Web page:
(defun point-p (p) (consp p))
(defun point-x (p) (car p))
(defun point-y (p) (cdr p))

the pattern matching below is valid.

(match (cons 1 2)
  ((point- x y) (list x y)))
=> (1 2)

Examples:

(defstruct (person (:conc-name :p-)
                   (:predicate p-p))
  name age)
(match (make-person :name "foo" :age 30)
  ((p- name age) (list name age)))
=> ("foo" 30)

Derived-Pattern

A derived-pattern is a pattern that is defined with DEFPATTERN. There are some builtin dervied patterns as below:

LIST

Expansion of LIST derived patterns=

(list a b c) => (cons a (cons b (cons c nil)))

LIST*

Expansion of LIST* derived patterns:

(list a b c) => (cons a (cons b c))

WHEN

Expansion of WHEN dervied patterns:

(when test) => (guard #G0 (let ((* #G0)) test))

As you see in the expansion above, you can use a special symbol * to access the value being matched.

UNLESS

Expansion of UNLESS dervied patterns:

(unless test) => (guard #G0 (let ((* G0)) (not test)))

Same as WHEN derived patterns, but satisfies if TEST is not satisfied.

SATISFIES

Expansion of SATISFIES derived patterns:

(satisfies f) => (when (f *))

EQ, EQL, EQUAL, EQUALP

Expansion of EQ, EQL, EQUAL, EQUALP derived patterns:

(eq 'foo) => (satisfies eq 'foo)
(eql 123) => (satisfies eql 123)
(equal '(1 2)) => (satisfies equal '(1 2))
(equalp "foo") => (satisfies equalp "foo")

TYPEP

Expansion of TYPEP derived patterns:

(TYPEP type) => (when (typep * 'type))

[Package] optima

[Macro] match

match arg &body clauses

Matches ARG with CLAUSES. CLAUSES is a list of the form of (PATTERN . BODY) where PATTERN is a pattern specifier and BODY is an implicit progn. If ARG is matched with some PATTERN, then evaluates corresponding BODY and returns the evaluated value. Otherwise, returns NIL.

Evaluating a form (FAIL) in the clause body causes the latest pattern matching be failed. For example,

(match 1
  (x (if (eql x 1)
         (fail)
         x))
  (_ 'ok))

returns OK, because the form (FAIL) in the first clause is evaluated.

If BODY starts with the symbols WHEN or UNLESS, then the next form will be used to introduce (FAIL). That is,

(match list ((list x) when (oddp x) x))
(match list ((list x) unless (evenp x) x))

will be translated to

(match list ((list x) (if (oddp x) x (fail))))
(match list ((list x) (if (evenp x) (fail) x)))

Examples:

(match 1 (1 1))
=> 1
(match 1 (2 2))
=> 2
(match 1 (x x))
=> 1
(match (list 1 2 3)
  (list x y z) (+ x y z))
=> 6

[Macro] multiple-value-match

multiple-value-match values-form &body clauses

Matches the multiple values of VALUES-FORM with CLAUSES. Unlike MATCH, CLAUSES have to have the form of (PATTERNS . BODY), where PATTERNS is a list of patterns. The number of values that will be used to match is determined by the maximum arity of PATTERNS among CLAUSES.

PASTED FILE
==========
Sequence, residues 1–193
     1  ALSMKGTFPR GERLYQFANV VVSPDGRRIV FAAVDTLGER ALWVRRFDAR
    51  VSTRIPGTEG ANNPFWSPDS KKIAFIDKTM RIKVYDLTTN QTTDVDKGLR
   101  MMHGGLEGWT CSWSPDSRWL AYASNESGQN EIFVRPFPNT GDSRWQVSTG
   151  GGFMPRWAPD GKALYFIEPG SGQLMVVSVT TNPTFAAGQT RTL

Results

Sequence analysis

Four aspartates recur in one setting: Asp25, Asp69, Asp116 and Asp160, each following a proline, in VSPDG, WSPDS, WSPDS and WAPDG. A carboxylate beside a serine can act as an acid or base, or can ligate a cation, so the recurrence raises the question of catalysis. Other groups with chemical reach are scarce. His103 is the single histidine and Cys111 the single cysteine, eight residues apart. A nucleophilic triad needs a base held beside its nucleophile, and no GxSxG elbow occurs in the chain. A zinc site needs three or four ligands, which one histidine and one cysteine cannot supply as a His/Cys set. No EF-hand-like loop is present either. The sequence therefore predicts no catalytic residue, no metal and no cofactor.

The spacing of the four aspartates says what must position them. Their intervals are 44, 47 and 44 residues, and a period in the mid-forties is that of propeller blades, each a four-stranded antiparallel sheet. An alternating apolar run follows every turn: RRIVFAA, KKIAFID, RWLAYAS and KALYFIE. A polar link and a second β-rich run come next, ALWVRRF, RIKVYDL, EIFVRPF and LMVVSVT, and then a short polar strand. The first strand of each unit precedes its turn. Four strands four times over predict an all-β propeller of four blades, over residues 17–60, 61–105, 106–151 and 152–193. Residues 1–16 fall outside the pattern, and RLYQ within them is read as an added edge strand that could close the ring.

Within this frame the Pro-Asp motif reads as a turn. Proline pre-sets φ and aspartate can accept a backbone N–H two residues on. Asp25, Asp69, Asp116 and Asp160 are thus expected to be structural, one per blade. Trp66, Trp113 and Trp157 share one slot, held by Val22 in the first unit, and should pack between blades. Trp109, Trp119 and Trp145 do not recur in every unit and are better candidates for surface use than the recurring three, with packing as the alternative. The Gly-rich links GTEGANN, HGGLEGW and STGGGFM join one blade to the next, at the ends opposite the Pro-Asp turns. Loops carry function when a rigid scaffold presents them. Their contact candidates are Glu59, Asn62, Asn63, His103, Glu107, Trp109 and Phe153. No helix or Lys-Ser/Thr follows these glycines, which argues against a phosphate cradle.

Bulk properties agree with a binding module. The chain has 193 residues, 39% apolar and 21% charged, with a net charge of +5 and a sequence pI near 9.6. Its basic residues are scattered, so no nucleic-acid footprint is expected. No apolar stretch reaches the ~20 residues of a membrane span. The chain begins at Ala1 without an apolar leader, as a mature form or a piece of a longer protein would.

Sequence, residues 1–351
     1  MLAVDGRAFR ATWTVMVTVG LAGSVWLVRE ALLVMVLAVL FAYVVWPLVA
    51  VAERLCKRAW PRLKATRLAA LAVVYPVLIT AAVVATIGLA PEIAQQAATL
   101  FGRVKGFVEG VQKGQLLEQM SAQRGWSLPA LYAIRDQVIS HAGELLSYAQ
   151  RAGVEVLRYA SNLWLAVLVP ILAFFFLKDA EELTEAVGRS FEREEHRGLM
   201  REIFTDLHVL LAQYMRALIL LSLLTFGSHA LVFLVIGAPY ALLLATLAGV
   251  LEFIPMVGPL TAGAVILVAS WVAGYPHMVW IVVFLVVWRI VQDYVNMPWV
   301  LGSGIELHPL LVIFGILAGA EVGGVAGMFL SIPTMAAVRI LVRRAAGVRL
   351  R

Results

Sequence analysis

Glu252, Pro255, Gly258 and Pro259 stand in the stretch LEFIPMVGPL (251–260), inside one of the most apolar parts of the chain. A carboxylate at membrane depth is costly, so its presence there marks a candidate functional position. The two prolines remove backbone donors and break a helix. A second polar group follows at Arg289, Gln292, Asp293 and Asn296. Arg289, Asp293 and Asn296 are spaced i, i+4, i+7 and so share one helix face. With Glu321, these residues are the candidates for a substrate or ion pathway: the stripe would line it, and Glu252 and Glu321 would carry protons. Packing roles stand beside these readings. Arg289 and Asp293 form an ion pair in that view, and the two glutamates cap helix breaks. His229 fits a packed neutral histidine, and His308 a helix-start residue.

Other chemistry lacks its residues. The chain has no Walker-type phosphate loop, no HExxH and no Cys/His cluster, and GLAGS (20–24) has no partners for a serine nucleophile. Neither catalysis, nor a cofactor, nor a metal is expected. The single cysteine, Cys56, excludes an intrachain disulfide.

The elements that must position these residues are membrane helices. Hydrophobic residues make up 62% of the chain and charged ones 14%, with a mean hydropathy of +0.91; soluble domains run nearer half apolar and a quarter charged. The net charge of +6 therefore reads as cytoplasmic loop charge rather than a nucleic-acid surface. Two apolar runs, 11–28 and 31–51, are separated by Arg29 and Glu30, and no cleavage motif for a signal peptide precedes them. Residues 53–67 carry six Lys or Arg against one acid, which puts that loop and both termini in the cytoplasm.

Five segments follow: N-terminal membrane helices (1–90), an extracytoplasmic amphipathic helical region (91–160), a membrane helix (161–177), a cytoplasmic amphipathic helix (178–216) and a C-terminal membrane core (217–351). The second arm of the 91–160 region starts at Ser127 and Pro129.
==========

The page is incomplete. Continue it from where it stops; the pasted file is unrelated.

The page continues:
Examples:

(multiple-value-match (values 1 2)
 ((2) 1)
 ((1 y) y))
=> 2

[Macro] ematch

ematch arg &body clauses

Same as MATCH, except MATCH-ERROR will be raised if not matched.

[Macro] multiple-value-ematch

multiple-value-ematch values-form &body clauses

Same as MULTIPLE-VALUE-MATCH, except MATCH-ERROR will be raised if not matched.

[Macro] cmatch

cmatch arg &body clauses

Same as MATCH, except continuable MATCH-ERROR will be raised if not matched.

[Macro] multiple-value-cmatch

multiple-value-cmatch values-form &body clauses

Same as MULTIPLE-VALUE-MATCH, except continuable MATCH-ERROR will be raised if not matched.

[Macro] fail

fail

Causes the latest pattern matching be failed and continue to do the rest of pattern matching.

[Class] match-error

[Type] match-error

match-error

[Function] match-error-values

match-error-values condition

[Function] match-error-patterns

match-error-patterns condition

[Macro] defpattern

defpattern name lambda-list &body body

Defines a derived pattern specifier named NAME. This is analogous to DEFTYPE.

Examples:

;; Defines a LIST pattern.
(defpattern list (&rest args)
  (when args
    `(cons ,(car args) (list ,@(cdr args)))))

Authors

  • Tomohiro Matsuyama

License

LLGPL

optima.contrib - Contribution library for optima

Contribution library for optima.

Available Patterns

ALIST

Syntax:

(alist (KEY . PATTERN)*)

Expansion:

(alist (k . p)*) => (and (assoc k p)*)

Examples:

(match '((1 . :one) (2 . :two) (3 . :three))
  ((alist (1 . x) (3 . y)) (list x y)))
=> (:ONE :THREE)

PLIST

Syntax:

(plist {KEY PATTERN}*)

Expansion:

(plist {k p}*) => (and (passoc k p)*)

Examples:

(match '(:name "John" :age 23)
  ((plist :name "John" :age age) age))
=> 23

PPCRE

Syntax:

(ppcre REGEXP PATTERN*)

Matches REGEXP against the target string. Sub-PATTERNs will be used to match the matched groups, if REGEXP matched.

Examples:

(match "2012-11-04"
  ((ppcre "^\\d{4}-\\d{2}-\\d{2}$" year month day)
   (list year month day)))
=> ("2012" "11" "04")

[Package] optima.contrib

Authors

  • Tomohiro Matsuyama

License

LLGPL